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Unit II Conceptual Framework Of Corporate Governance Ethics and Social Responsibility of Business MCOM sem 4 Delhi University

Unit II Conceptual Framework Of Corporate Governance Ethics and Social Responsibility of Business MCOM sem 4 Delhi University

Unit II Conceptual Framework Of Corporate Governance Ethics and Social Responsibility of Business MCOM sem 4 Delhi University

Unit II Conceptual Framework Of Corporate Governance Ethics and Social Responsibility of Business MCOM sem 4 Delhi University : Aside from the requirement that organisations should run their operations in the most economical, efficient and effective manner possible to increase performance, today, there is an increasing insistence on the need for organisations to be ethical as well. Within the business framework, there is a clear relationship between corporate activities and other stakeholders within and outside the organisation, as indicated in the thesis’s conceptual framework .

In corporate relationships, it seems reasonable to expect that operating organisations should serve different stakeholders in an ethical manner. A corporation should engage with its internal and external stakeholders to determine its current ethical reputation amongst the stakeholders, as well as what their ethical expectations are of that organisation (Rossouw, 2010c:165). Thus, under the corporate governance requirements, a corporation should account for its ethical performance and duly report it to relevant stakeholders.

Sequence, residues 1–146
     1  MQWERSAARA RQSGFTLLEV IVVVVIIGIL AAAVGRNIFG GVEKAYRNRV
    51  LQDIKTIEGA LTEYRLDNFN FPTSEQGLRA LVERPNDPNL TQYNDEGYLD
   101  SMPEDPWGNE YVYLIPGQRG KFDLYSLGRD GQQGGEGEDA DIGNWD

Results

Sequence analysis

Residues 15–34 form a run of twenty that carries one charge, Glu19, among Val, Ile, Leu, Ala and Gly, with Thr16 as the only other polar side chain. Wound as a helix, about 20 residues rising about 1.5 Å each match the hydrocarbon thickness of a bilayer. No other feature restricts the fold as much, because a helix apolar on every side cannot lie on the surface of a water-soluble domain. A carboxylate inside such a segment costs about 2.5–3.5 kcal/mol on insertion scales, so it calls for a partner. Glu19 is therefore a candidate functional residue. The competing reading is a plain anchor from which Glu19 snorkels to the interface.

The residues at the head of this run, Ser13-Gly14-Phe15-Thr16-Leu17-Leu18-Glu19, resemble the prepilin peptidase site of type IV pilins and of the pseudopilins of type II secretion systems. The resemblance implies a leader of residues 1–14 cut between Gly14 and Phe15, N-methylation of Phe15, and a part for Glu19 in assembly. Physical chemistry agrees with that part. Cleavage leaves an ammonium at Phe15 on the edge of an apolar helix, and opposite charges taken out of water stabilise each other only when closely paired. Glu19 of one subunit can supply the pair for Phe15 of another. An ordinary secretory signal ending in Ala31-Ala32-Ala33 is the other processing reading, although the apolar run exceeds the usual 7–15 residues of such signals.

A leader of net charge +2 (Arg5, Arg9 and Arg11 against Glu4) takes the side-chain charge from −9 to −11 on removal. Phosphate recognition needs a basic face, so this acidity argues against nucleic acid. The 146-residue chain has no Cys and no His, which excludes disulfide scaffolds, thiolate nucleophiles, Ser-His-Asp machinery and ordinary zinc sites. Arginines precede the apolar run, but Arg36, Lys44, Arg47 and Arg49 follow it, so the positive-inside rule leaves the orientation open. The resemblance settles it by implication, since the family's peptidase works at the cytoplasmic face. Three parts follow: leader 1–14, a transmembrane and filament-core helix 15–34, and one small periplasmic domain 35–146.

Unit II Conceptual Framework Of Corporate Governance Ethics and Social Responsibility of Business MCOM sem 4 Delhi University

In the wake of various corporate scandals and amid increasing concern about environmental sustainability issues, there has been a great deal of debate regarding the applicability of business ethics in the modern business age. The discussion on this topic was recently highlighted with the failures of giant corporations such as Enron, WorldCom and Parmalat, largely due to corporate governance issues (West, 2009:12). Recently, there has also been a corporate environmental scandal involving BP (British Petroleum), when oil spilled into the Atlantic Ocean in the Gulf of Mexico. As many as 5 000 barrels of oil a day spilled into the ocean waters, threatening the US and Mexican coastal areas and causing environmental alarm (BBC News, 2010a).